Coronavirus economic impact comes into focus

Caitlin Dickson and David Knowles
·5-min read

The economic impact of the global coronavirus outbreak has begun taking hold in the U.S., with businesses and their employees suddenly confronting a harsh new reality that is predicted to last months.

Asked Monday if the country was heading into a recession as a result of the pandemic, President Trump replied that “it may be.” He added that restrictions on public events, gatherings, restaurants and travel may not be eased until “about July or August, somewhere in that period of time.”

For business owners and their employees, that might not be soon enough to stave off disaster.

Parker Slade, 29, decided to temporarily close his Chicago cafe, Hexe Coffee, on Sunday evening after Illinois Gov. Jay Pritzker ordered all bars and dine-in restaurants to close for two weeks. While just 93 cases have been reported in the state so far, that number is likely far lower than the number of people infected with the virus, and officials there hope to slow its spread by enforcing restrictions on interactions in public.

Initially, in order to pay his staff, Slade said he planned to keep his shop open on a limited schedule for to-go service, which is still permitted under the state-wide order. But growing concerns about the virus had started to create a tense atmosphere for customers and staff. “We touch money, credit cards, pens ... people’s food. I’m not necessarily a germaphobe but with all this stuff going on, it’s hard to stay safe when you’re open to the public,” he said. Before closing the cafe’s doors Monday afternoon, one patron’s coughing fit had prompted several others to get up and leave.

Slade, who opened Hexe in late September, said neither he nor his staff will get paid while the shop is closed. His landlord has offered to reduce this month’s rent, which also helped ease the blow of closing for two weeks, but over the long term Slade is concerned about how the broader economic fallout from the epidemic will impact his new business. “If everyone is out of work and in some kind of financial trouble, the last thing they're going to do is come to a cafe or restaurant and spend money,” he said glumly.

A cyclist
A cyclist crosses the Brooklyn Bridge on Monday. (Mark Lennihan/AP)

“The business needs to make money and the staff needs money but at the same time, we’re trying to tell people you should just not go out.”

For now, at least, he said, “I’m going to take this hit in order to help the greater good.”

Like so many workers in San Francisco on Sunday, Ernie Evangelista learned that his livelihood had come to a screeching halt. A bartender at the Royal Cuckoo in the outer Mission District, Evangelista read about Gov. Gavin Newsom’s order to close all bars in the state where 458 people have tested positive for the coronavirus and five have died.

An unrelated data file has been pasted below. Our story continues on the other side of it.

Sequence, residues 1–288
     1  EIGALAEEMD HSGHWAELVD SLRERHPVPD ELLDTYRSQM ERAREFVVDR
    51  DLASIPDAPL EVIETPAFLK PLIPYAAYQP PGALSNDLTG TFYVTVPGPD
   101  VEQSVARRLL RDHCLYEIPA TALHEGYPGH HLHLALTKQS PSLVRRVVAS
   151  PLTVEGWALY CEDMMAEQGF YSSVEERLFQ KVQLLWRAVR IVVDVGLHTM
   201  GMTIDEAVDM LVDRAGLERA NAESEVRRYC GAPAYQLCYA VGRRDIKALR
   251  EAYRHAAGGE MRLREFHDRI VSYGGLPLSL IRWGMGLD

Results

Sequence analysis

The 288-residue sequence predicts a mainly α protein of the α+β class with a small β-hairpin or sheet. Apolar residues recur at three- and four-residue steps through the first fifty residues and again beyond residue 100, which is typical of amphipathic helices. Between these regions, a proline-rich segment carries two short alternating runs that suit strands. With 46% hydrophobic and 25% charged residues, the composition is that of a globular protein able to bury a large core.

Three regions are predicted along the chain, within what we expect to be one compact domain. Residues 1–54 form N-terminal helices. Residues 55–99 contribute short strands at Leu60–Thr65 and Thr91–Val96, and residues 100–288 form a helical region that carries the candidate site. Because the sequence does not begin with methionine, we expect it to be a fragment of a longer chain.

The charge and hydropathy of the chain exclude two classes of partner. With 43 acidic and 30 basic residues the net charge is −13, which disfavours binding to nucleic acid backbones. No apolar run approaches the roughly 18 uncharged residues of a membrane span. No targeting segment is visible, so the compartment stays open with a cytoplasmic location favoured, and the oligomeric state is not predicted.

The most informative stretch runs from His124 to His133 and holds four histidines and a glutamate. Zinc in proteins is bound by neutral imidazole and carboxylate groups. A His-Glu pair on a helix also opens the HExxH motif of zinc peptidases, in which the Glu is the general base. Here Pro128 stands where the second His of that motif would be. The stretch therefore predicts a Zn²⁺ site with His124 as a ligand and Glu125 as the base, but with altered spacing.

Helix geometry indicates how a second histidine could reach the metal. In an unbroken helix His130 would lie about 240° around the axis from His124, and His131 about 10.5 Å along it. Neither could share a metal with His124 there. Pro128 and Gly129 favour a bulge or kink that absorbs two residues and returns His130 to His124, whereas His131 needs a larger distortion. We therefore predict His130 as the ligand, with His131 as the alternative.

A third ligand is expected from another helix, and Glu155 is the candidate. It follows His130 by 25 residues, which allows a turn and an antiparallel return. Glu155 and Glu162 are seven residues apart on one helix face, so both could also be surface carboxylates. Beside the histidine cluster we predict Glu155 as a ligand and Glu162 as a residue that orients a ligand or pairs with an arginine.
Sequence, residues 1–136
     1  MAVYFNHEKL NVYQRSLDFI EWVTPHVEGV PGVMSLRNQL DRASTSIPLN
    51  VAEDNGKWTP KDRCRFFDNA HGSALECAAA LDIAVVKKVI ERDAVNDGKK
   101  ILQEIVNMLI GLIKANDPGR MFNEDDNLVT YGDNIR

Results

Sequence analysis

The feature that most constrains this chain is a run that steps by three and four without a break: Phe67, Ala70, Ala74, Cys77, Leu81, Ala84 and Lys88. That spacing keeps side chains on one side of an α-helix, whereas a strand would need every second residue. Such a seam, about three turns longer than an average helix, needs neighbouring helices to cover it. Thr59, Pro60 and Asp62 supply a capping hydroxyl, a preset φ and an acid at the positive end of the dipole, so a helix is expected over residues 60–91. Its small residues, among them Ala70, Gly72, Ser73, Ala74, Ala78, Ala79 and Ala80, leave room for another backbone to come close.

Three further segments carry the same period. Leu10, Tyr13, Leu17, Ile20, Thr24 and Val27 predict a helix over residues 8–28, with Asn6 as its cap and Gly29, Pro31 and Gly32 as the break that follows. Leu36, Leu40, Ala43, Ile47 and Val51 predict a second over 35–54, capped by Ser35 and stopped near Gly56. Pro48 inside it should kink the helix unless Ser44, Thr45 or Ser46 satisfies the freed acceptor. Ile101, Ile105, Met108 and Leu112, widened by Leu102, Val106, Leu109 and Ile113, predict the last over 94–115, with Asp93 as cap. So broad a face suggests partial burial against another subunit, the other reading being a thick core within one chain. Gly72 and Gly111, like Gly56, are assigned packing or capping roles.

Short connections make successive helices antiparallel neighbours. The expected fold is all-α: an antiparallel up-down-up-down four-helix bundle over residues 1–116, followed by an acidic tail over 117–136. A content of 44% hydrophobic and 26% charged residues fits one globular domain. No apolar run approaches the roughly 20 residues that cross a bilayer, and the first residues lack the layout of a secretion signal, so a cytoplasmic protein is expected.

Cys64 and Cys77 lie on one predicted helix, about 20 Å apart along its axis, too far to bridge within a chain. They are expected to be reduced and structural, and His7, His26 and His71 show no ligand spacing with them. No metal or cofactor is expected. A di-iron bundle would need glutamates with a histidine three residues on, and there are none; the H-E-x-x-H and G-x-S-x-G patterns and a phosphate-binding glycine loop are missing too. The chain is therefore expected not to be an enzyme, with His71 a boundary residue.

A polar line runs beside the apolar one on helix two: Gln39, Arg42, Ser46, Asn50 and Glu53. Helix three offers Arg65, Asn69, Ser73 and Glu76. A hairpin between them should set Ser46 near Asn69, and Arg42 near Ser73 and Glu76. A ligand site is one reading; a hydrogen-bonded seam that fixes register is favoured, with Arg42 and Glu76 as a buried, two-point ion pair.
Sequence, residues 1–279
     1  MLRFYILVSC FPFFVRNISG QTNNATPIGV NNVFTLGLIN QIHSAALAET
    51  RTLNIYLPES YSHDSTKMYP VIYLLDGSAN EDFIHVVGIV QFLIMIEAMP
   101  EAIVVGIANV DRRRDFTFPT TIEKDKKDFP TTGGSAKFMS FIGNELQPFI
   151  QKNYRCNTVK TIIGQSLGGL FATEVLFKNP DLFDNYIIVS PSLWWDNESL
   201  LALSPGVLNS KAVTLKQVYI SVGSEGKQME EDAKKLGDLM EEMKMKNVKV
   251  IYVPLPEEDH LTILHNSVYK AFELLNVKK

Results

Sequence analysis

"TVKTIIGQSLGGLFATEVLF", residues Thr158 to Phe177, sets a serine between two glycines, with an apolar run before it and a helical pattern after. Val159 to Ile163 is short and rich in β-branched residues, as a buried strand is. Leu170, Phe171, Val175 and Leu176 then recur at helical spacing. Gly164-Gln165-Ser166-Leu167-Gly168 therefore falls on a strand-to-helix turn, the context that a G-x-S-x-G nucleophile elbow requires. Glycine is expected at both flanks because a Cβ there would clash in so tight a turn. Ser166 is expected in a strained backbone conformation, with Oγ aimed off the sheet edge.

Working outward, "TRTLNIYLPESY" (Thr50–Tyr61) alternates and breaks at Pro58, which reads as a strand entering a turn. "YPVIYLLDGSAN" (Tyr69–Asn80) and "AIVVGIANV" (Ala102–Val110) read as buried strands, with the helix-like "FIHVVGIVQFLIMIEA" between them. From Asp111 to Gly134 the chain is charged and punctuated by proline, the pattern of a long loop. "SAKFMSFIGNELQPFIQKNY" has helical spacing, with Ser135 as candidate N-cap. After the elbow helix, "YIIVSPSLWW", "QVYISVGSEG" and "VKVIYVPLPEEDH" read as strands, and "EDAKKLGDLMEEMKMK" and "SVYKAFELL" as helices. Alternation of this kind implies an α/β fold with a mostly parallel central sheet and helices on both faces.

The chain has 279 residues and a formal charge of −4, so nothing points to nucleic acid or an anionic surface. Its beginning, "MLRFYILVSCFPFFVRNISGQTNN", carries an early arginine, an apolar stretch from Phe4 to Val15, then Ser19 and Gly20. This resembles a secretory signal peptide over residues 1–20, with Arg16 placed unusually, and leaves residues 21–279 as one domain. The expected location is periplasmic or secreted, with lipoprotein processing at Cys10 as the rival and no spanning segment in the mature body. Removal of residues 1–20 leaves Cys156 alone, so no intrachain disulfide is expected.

“I have no idea what I’m going to do,” Evangelista, 55, told Yahoo News. “I have to figure something out.”

With a monthly rent of $1,900, Evangelista will have to come up with a new source of income quickly. He had been working five nights a week, and, for now, he continues to pick up shifts at the legendary Café Trieste in North Beach. But on Monday, officials in the Bay Area announced a six-county stay-at-home order beginning on March 17 that will last for three weeks.

A cable car operator
An idle San Francisco cable car operator at the once-thriving Hyde Street turnaround, March 16, 2020. (Eric Risberg/AP)

“Temporarily changing our routine is absolutely necessary to slow the spread of this pandemic,” Santa Clara County Public Health Director Sara Cody told reporters. “Health officials from the largest jurisdictions in the San Francisco Bay Area are united, and we are taking this step together to offer the best protection to our respective communities.”

For Evangelista, that means no work behind a counter or bar, and no income.

“The majority of my money comes from tips, and I’m worried about being able to pay the rent. It’s going to be tough,” Evangelista said.

The reach of the crisis extends well beyond restaurants, bars and cafés. Jared Blank, 50, owner of Brick New York, a CrossFit gym on Lexington Ave. in New York City, says he still hasn’t gotten “a clear and distinct message about how we’re supposed to survive.”

On Monday, Gov. Andrew Cuomo held a press conference to announce that all exercise gyms in the state would be required to close. (New York City Mayor Bill de Blasio made his customary trip from his official residence in Manhattan to his long-time YMCA gym in Brooklyn on Monday morning, but his office said it would be his last for a while.)

A Seattle Times newspaper box
A view of downtown Seattle on Sunday. (Ted S. Warren/AP)

COVID-19, the disease caused by the coronavirus, has so far been confirmed in 746 New Yorkers and has killed 6.

“The phone has been ringing off the hook with people asking if they can put their memberships on hold. Today it’s just been huge,” Blank said.

With approximately 400 members in addition to those who use the gym on a shared membership with other clubs, Blank is hoping that enough of his patrons don’t drop their monthly payments so he can continue to pay his staff.

Asked if he can hold out if Trump’s prediction that restrictions will last through July is correct, Blank is almost despondent.

“That’s a really good question. I don’t know. A couple weeks if people are willing to bear with us.”

Blank added that he’s not sure whether his insurance will help him get through the crisis.

“The last time we had to deal with insurance, when we closed because of a water leak, it took months and months and so many documents and emails and red tape,” Blank said. “I sent an email to our insurance guy today asking if this was covered. Even if it is, it’s going to be a huge deal.”


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